I am afraid to say this but it has to be the end of the line for Darren Barker.
No-one wanted to see him get beaten by Felix Sturm and lose his world title, but that dislocated hip has to spell the end.
I had an arthroscopy on the hip - where they shave a bit of the bone off so it can re-sit in the socket - and not only is it painful, it takes time to recuperate and recover, get your fitness and, more importantly, get your confidence back.
When I say time, I am talking about a year - and I still can't run and move as much as I used to - so that, to me, means Darren calling it a day.
I've heard a rumour saying he said before the fight against Sturm that this was going to be his last anyway, so maybe the hip problem had been there before we saw it turn sour.
Then, during the fight itself, he said he threw an uppercut in the first round and it came out and when you are at that level, boxing in the world elite, you cannot get away with it.
Darren Barker was champion of the world for 124 days of his life. That can't be taken away from him and it will stay with British boxing for a long, long time.
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You can't have that fear, that possibility of it happening again, in the back of your mind.
Darren and his body have been through so much that even though he is realtively young at 31, I think he and his body know they cannot take any more.
Tony Sims, his trainer and his long-time friend, took that decision as well and if you watch his reaction outside the dressing room straight after the fight, you can see he is coming to the end of the road.
But Barker was champion of the world for 124 days of his life. He did it and that can't be taken away from him.
Yes, we are talking about the Sturm fight for now but give it a few months, maybe even a few weeks, and all you will remember is when Darren won that title. That will stay with British boxing for a long, long time.
The biggest surprise I got in Stuttgart was the people that had gone out to cheer Barker on. Not the thousands of his fans but the ex-world champions, the current world champions and ones that wants to follow in his footsteps.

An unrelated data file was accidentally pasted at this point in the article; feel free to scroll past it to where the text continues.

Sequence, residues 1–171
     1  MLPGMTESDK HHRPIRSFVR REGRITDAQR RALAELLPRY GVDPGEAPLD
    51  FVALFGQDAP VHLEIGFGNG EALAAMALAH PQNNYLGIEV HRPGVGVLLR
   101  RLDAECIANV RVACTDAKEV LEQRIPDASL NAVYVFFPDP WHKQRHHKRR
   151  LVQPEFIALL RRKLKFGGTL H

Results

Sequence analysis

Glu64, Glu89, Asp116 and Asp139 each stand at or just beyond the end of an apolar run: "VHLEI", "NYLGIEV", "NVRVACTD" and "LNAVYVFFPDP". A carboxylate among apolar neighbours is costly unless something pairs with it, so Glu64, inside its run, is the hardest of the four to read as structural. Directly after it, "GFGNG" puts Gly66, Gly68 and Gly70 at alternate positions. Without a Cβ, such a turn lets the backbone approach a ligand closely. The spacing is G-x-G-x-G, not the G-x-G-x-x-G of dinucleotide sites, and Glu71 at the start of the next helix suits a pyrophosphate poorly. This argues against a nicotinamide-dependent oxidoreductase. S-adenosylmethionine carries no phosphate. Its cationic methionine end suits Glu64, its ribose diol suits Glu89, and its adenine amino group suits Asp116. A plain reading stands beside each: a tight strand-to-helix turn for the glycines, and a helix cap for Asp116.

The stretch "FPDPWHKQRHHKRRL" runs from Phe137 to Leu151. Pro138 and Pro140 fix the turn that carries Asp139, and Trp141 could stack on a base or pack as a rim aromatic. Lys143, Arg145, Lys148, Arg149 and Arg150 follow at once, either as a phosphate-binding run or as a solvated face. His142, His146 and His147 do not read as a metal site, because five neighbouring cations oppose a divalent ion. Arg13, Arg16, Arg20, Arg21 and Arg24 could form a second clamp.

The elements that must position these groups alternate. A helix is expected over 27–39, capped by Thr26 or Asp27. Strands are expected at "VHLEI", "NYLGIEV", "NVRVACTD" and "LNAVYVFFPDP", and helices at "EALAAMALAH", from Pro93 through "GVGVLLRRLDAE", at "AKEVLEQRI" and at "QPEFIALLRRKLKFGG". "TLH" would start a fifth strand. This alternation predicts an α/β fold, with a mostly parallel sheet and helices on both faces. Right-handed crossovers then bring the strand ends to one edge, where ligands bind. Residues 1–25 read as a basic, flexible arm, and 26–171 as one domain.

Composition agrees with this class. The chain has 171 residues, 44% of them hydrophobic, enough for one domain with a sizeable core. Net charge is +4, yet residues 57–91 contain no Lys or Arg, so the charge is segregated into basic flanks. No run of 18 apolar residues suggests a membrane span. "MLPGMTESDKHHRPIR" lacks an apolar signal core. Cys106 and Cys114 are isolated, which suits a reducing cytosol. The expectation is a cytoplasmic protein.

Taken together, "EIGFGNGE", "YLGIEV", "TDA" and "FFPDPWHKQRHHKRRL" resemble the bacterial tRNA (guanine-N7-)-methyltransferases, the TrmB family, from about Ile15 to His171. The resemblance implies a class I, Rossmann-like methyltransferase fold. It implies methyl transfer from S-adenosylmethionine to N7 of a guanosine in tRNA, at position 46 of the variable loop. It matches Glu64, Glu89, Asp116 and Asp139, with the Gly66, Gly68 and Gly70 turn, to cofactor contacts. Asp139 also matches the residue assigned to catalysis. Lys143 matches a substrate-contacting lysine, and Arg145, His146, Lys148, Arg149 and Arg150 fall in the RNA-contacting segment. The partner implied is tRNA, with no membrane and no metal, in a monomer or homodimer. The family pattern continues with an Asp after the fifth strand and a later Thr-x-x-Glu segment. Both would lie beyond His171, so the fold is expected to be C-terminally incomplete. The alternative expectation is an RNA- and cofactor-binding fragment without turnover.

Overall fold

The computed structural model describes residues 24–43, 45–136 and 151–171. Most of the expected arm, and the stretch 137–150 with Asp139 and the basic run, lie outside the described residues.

We had Joe Calzaghe, Carl Froch and Kell Brook there, there were German sporting fans there, Boris Becker was going to come out from England and all of those people had nothing but admiration for Darren - and Sturm, too.
Remember the way the whole of British boxing, including those domestic middleweight rivals like Martin Murray, Matt Macklin and Andy Lee, got behind him when he took on Daniel Geale. It just shows well respected he is.
Darren is one of the nice guys in boxing and it will be sad to see him go, but it has to be the end of the road. He has achieved his goal of becoming a world champion because he lifted himself to do just that.
But even if his hip can be fixed and he can get back, he will never be able to lift himself like that again.
One of the wider aspects is that it looks like Darren's injury has put a dent into that domestic middleweight rivalrly. Well, hopefully we won't see him return against any of them because even that level will be too much.
Having said that, Macklin and Lee sound like they want to get it on and that will get everyone buzzing, so that might leave Murray out on his own.
We are seeing him on Saturday night but if I were in charge of him I would go straight to Sturm. There will be no rematch with Barker but Murray deserves one and I still think he is the man likeliest to beat the new champion.
Sturm is a gentleman and he seems to be a new man judging by Saturday's approach, so let's see him give someone a rematch next!
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